This is the second article celebrating NASA's 50th Year Anniversary in a series of four articles, and it covers the history of NASA from 1970 to 1989.
One of the most famous missions in the history of NASA was the flight of Apollo 13, and the 1995 movie, Apollo 13, dramatized the story.
In 1993, when I was working for Boeing/ISC, Fred Haise, who was the president of Grumman Technical Services, gave a speech and slide show to JSC’s National Management Association about Apollo 13. I was enthralled listening to his story first hand.
In the 1970s there were five Apollo missions. From April 11 to 17, 1970, the flight of Apollo 13 was one of the most dramatic missions in the history of the Apollo program.
After 56 hours into the flight, an oxygen tank in the service module exploded. The crew's message to Mission Control was "Okay, Houston, we've had a problem here”. The crew was forced to abort their mission and begin an emergency trip home using the lunar lander as a lifeboat. With the help of Mission Control, crew members Jim Lovell, Fred Haise, and Jack Swigert returned safely to Earth.
During Apollo 14, January 31 to February 9, 1971, with crew Alan B. Shepard Jr., Stuart A. Roosa, and Edgar D. Mitchell, Shepard and Mitchell took two moon walks, and Shepard became the first man to hit a golf ball on the moon. During Apollo 15, July 26 to August 7, 1971, with crew David R. Scott, James B. Irwin, and Alfred M. Worden, Scott and Irwin drove the first moon rover.
Apollo 16, April 16 to 27, 1972, with John W. Young, Thomas K. Mattingly II, and Charles M. Duke, Jr., conducted performance tests with the lunar rover. Apollo 17, December 7 to 19, 1972, was the last Apollo mission with Eugene A. Cernan, Ronald E. Evans, and scientist Harrison H. "Jack" Schmitt. Cernan earned the distinction of becoming the last human to stand on the Moon – so far.
The Apollo lunar program had ended. The Apollo program was designed to land humans on the Moon and bring them safely back to Earth. The Apollo program revolutionized planetary science. From these missions, scientists developed a new view of the origin and evolution of the plants and of life on earth.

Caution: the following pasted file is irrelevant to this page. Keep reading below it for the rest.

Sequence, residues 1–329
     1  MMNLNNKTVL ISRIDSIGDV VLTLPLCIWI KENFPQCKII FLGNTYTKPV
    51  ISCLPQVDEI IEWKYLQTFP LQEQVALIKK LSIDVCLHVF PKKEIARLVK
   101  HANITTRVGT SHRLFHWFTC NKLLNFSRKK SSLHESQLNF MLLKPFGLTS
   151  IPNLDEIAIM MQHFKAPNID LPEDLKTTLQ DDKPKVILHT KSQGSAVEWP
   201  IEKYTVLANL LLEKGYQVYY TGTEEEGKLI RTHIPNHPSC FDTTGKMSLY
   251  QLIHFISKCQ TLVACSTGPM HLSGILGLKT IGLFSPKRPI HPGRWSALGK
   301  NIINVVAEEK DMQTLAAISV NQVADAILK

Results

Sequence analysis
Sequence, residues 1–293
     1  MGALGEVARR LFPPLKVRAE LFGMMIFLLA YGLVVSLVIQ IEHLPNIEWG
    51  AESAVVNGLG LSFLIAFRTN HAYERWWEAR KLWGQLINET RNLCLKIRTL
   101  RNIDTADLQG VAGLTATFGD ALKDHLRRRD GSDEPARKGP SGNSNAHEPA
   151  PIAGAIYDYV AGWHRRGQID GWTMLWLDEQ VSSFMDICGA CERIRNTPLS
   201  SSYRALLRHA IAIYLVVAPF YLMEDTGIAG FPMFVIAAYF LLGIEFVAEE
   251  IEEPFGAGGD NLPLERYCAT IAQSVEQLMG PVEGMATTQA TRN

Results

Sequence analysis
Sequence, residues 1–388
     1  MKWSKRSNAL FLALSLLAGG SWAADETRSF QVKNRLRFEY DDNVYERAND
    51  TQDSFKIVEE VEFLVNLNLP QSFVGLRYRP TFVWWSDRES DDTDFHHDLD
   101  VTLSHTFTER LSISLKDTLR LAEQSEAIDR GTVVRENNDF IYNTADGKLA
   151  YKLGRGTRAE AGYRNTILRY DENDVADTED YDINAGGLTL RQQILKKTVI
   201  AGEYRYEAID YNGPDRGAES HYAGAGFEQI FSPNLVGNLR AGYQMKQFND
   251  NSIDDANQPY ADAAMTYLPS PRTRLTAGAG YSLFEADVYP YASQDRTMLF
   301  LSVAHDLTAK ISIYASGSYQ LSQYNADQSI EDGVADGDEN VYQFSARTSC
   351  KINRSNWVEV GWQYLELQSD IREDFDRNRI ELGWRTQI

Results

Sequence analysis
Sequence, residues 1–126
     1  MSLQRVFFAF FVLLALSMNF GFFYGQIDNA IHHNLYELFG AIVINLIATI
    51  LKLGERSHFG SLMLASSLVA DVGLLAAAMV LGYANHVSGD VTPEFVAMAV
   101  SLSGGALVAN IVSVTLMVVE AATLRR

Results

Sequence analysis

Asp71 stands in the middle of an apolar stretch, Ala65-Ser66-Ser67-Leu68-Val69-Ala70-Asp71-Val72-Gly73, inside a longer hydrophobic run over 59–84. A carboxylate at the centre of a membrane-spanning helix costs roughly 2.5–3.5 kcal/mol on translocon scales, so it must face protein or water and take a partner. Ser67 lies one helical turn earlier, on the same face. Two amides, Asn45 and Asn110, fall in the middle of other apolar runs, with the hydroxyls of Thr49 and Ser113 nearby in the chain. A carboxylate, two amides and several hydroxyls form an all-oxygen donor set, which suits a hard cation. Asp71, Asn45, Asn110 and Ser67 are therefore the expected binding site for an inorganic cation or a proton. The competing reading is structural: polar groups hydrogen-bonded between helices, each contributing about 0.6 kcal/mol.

The Skylab program followed the Apollo missions. With Skylab, an earth-orbit space station, astronauts would go from visiting space to living there. On May 14, 1973, the Skylab Workstation was launched into orbit by a Saturn V booster and maintained by three crews. From May 25 to June 22, 1973, the Skylab 2 crew was Charles Conrad, Jr., Paul J. Weitz, and Joseph P. Kerwin. From July 28 to September 25, 1973, the Skylab 3 crew was Alan L. Bean, Jack R. Lousma, and Owen K. Garriott. And from November 16, 1973 to February 8, 1974, the Skylab 4 crew was Gerald P. Carr, William R. Pogue, and Edward G. Gibson.
The Apollo-Soyuz Test Project, from July 15 to July 24, 1975, was the first international docking in space. The American crew was Thomas Stafford, Vance Brand, and Deke Slayton, and the Soviet crew was Alexei Leonov, and Valeri Kubasov.
The next major era in human spaceflight began on April 12, 1981, with the maiden voyage of the space shuttle Columbia, STS-1, the first manned mission of the Space Transportation System (STS). Columbia, piloted by John Young and Robert Crippen, launched like a rocket and landed like an airplane, and was the first U.S. reusable spacecraft.
The first four STS missions were test flights to evaluate the Shuttle's engineering design, thermal characteristics and performance in space. There were thirty-two shuttle missions during the 1980's.